The hygiene hypothesis posits that children and adults not being exposed to viruses and other environmental factors like dirt, germs and parasites results in their not being able to build up resistance, which makes them more vulnerable to illnesses. The so-called cancer hygiene hypothesis suggests that cancer is one of these illnesses. Even mumps, once a common childhood illness, may play a role in later cancer prevention, according to a study published in BMC Cancer:8
"Infections occur as early as the first year of life and may impact the immune system and cancer risk. The increase in antigenic exposure, after birth through viral/bacterial infections, may be essential for newborns to switch from a Th2 biased to a balanced Th1/Th2 immunity as well as to develop immunological memory.
Also, childhood diseases may activate specific antitumoral responses. For instance, mumps may lead to immune recognition of TAA present on ovarian cancer cells, resulting in an effective immunosurveillance."
It seems that not only the type of infection you're exposed to but also the timing shape how your immune system functions as well as your susceptibility to diseases like cancer.
"Some experimental evidence may also support the cancer hygiene hypothesis, that is, the antitumorigenic role of several inflammatory components, the ability of some commensals and benign gastrointestinal parasites like helminths to downregulate inflammation, as well as the ability of pathogens and their products to stimulate anticancer immunity," according to researchers writing in Clinical Cancer Research,9 who continued:
"Both protective and detrimental effects of microorganisms have been observed, many of them linked to various immune components. Overall, their effect may depend on the fine orchestration between induction and suppression of cancer-promoting or antitumorigenic immunity as well as on the level of pathogen load and the timing between infection and cancer initiation.
In this regard, cancer may be associated with the increased hygiene/decreased exposure to specific microorganisms, similar to what is known for autoimmune diseases and allergies."
Gut Microbes Also Linked to Cancer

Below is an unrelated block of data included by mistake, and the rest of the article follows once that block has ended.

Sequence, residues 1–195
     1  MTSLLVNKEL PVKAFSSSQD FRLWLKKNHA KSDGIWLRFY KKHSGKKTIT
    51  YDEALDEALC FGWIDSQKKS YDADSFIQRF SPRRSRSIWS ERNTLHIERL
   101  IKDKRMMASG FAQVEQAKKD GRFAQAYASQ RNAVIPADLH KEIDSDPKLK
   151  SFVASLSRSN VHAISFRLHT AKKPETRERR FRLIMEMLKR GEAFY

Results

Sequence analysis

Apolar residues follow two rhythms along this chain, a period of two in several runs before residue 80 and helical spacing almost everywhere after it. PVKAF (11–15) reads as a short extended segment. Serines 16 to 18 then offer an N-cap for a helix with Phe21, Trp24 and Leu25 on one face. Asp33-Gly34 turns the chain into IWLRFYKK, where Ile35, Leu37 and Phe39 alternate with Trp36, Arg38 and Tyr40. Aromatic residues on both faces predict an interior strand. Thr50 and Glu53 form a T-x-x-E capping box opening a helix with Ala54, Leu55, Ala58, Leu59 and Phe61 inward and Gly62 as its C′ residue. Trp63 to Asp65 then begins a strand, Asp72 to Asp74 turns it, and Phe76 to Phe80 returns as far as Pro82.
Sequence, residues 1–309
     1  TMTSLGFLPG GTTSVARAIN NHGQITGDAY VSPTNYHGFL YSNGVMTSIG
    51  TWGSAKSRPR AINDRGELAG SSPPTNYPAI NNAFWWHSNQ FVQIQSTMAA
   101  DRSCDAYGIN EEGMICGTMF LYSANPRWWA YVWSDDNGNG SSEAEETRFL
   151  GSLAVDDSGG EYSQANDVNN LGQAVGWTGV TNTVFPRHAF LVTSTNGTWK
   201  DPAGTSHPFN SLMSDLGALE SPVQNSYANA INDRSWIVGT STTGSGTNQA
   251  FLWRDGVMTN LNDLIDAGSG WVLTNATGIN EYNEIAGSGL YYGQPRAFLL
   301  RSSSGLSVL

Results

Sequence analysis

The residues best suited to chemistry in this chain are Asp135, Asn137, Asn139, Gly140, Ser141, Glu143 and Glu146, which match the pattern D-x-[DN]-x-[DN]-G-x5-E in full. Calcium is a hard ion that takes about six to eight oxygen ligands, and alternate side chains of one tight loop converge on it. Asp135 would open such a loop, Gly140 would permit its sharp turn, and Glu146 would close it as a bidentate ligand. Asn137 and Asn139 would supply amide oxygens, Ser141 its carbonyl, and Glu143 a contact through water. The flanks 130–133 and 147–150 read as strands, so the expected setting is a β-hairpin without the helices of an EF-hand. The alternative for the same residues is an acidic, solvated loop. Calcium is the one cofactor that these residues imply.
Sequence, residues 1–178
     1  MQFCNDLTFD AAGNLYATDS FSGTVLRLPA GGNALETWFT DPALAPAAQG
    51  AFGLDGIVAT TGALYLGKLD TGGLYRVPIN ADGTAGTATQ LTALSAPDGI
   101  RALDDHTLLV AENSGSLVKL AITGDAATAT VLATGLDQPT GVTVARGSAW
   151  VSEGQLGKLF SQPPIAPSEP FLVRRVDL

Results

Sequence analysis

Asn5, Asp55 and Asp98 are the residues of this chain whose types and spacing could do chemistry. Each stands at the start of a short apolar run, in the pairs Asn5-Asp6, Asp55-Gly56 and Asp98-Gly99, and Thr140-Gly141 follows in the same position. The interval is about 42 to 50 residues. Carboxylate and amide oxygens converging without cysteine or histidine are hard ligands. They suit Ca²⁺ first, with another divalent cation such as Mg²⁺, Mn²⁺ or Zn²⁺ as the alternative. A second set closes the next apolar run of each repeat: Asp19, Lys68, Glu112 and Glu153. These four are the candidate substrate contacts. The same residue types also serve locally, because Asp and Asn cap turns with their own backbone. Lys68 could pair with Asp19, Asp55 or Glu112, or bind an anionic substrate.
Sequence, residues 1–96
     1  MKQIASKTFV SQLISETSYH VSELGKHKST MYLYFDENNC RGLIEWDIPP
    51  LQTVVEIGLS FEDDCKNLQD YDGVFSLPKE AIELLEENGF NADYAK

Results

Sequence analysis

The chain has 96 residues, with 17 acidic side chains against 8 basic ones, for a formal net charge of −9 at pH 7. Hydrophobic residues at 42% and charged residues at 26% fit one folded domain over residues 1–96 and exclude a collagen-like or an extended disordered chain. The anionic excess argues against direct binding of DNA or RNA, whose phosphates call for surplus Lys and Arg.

Aside from the way microbial exposures affect your immune system, microbes may also play a role in cancer via those that exist in (and on) your body. For instance, beneficial bacteria known as probiotics can help boost activity of immune cells that fight off cancer cells. Certain gut bacteria also have shown potential for treating colon cancer,10 as well as boosting immune system health and reducing inflammation.
Carcinogen metabolism / detoxification
Apoptosis (programmed cell death)
In fact, fermented foods, prized for their role in supporting gut health, may be a key part of an anticancer diet. For example, butyrate, a short-chain fatty acid created when microbes ferment dietary fiber in your gut, has been shown to induce programmed cell death of colon cancer cells,13 and cultured milk products may reduce your risk of bladder cancer by about 29 percent.14
So eating fermented foods, including lassi, grass fed kefir, natto (fermented soy) and fermented vegetables, preferably homemade, is one of the best ways to nourish your gut health and reduce your cancer risk.
Getting your hands dirty in the garden can also help reacquaint your immune system with beneficial microorganisms on the plants and in the soil. Even washing your dishes by hand, instead of in the dishwasher, may actually leave more "dirt" on the plates and thereby decrease your risk of allergies by stimulating your immune system. It's possible this immune stimulation could play a role in cancer risk as well.
Embracing Microbes for Your Health
Although the mechanisms are still not well understood, the accumulation of research showing health benefits from early, and continued, exposure to microbes in your environment suggests it's a key health strategy to take to heart. If you're healthy, exposure to bacteria and viruses may serve to strengthen your immune system and provide long-lasting defense against disease.
If you don't get this healthy exposure to germs in your environment, it may end up making you sick. Health problems already associated with the hygiene hypothesis include:
- Autoimmune diseases
- Heart disease, with one study finding that early exposure to viral infections during childhood could reduce the risk of heart disease later in life by up to 90 percent15
Even depression has been connected to early exposure to pathogens, via an inflammatory connection,16 so there are many reasons to avoid an overly sterile environment in the early years of life, even aside from potential cancer prevention.
As mentioned, giving birth vaginally, breastfeeding and allowing your children to be exposed to other children (either siblings or at day care) are prime ways to increase their microbial exposure in the first few months of life. You can also avoid being overly "sterile," and thereby bolster your body's healthy immune function, by:
• Letting your child get dirty. Allow your kids to play outside and get dirty (and realize that if your kid eats boogers, it isn't the end of the world).
• Not using antibacterial soaps and other antibacterial household products, which wipe out the microorganisms that your body needs to be exposed to for developing and maintaining proper immune function. Simple soap and water are all you need when washing your hands. The antibacterial chemicals are quite toxic and have even been found to promote the growth of resistant bacteria.
• Avoiding unnecessary antibiotics. Remember that viral infections are impervious to antibiotics, as antibiotics only work on bacterial infections.
• Serving organic grass fed meat and dairy products that do not contain antibiotics.
Source: mercola rss